New York Bagels

I see that over the weekend there was much consideration of the issue of New York and Bagels. Matthew Yglesias comments (“The Stuff that Matters,” ThinkProgress, 28 November 2008):

I’ve now lived in DC long enough that I forget how much I like real bagels. But then I come back to New York for Thanksgiving and the whole sad little fantasy universe I’ve constructed for myself in which DC’s bad bagels aren’t a big deal collapses.

Kevin Drum does a little wondering as well (“Bagels!,” MoJo, 28 November 2008)

It’s hard for me to remain on topic here because Washington, D.C. is such a miserable hole of a city. It would be hard to come up with a single factor in which New York was not vastly better of a city. The only reason that anyone tolerates D.C. is that it’s the political and intellectual capitol of the country.

That said, whenever I go to New York I have a list of things that I want to do and every time it includes bagels. This visit included bagels on two out of three mornings. My friend has been living three blocks from Tal Bagels so it has been pretty convenient, but on other visits I have commuted for bagels.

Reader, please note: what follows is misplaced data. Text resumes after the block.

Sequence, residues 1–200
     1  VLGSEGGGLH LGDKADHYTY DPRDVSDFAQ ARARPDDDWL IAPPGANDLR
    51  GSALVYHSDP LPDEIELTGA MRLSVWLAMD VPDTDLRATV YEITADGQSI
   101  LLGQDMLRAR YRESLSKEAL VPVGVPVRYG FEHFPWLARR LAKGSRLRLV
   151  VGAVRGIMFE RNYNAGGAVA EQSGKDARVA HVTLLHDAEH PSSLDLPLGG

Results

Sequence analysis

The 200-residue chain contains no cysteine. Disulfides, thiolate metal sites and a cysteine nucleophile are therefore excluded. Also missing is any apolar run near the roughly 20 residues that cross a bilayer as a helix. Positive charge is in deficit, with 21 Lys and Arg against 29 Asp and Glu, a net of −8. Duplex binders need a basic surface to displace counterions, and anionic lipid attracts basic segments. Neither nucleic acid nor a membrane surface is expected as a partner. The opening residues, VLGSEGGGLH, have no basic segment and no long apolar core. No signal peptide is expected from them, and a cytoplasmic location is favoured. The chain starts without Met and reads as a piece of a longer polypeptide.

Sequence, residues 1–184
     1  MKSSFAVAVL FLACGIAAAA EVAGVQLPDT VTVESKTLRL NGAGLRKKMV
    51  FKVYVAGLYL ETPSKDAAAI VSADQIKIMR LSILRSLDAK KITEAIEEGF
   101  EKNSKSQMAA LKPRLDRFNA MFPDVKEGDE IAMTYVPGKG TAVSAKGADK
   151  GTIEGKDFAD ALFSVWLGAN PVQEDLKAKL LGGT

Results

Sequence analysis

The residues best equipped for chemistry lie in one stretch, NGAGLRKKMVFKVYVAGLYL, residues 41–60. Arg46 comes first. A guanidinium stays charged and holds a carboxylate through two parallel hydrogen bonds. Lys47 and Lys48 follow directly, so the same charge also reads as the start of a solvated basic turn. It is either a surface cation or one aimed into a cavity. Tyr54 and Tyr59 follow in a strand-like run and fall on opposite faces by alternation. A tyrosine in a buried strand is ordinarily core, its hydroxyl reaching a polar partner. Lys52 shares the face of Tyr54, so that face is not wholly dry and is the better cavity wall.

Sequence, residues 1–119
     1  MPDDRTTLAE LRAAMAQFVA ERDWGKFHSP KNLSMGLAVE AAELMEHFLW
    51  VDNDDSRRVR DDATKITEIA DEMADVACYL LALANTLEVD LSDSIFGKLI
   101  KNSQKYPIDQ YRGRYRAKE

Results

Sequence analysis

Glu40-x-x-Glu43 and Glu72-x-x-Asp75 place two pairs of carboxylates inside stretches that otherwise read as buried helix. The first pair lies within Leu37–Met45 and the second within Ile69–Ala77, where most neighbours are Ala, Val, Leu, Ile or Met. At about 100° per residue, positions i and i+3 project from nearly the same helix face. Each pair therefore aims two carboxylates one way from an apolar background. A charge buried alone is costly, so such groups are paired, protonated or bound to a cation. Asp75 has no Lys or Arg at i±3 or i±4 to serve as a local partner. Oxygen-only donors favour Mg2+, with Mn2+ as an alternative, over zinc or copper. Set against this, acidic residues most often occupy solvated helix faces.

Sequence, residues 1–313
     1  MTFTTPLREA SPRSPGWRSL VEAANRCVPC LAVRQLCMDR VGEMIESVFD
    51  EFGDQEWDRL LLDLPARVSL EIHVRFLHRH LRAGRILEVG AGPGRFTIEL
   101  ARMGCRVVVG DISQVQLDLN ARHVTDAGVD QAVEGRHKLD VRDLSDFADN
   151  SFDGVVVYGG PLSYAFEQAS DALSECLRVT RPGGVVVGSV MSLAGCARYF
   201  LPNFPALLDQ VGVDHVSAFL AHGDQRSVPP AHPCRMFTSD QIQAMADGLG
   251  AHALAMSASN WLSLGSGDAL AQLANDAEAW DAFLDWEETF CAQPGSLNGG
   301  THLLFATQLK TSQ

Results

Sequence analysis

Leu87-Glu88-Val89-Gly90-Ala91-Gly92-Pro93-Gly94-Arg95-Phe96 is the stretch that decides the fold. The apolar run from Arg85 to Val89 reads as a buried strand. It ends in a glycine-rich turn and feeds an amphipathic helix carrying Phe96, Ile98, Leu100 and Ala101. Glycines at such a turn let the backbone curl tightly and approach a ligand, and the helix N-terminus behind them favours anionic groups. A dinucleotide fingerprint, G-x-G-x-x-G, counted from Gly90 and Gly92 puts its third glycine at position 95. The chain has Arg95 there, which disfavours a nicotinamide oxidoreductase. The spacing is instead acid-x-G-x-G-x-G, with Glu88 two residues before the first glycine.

I’ve heard a number of the theories (the municipal water), but I’d have to say that I think it’s a gestalt. The bagels themselves are better: crunchier on the outside, chewier on the inside. But the schemers are better too (we brought back a tub of the olive cream cheese and another of the tofu, which rather than being some vegan concession has a flavor zestier and brighter than the cream cheeses). And most important is the ambiance. Woody places with a bunch of working-class artisans in black pants, white t-shirts, white aprons, and white paper hats, with a lot of hurry and attitude is different than the hired gun Ethiopians at Au-bon-Pan. A bagel shop is a stylized thing in New York. The cream cheeses are arrayed in gigantic bowls under glass, along with a host of other Jewish foods: smoked fish, knishs, couscous salads.

My favorite bagel places in New York are Ess-a-bagle (359 1st Avenue, Manhattan, New York 10010, official site here) and Tal Bagels (977 1st Avenue, Manhattan, New York 10022), both very Jewish, and The Bagel Store (247 Bedford Ave, Brooklyn, NY 11211), a Williamsburg hipster joint, but still unbelievably good.

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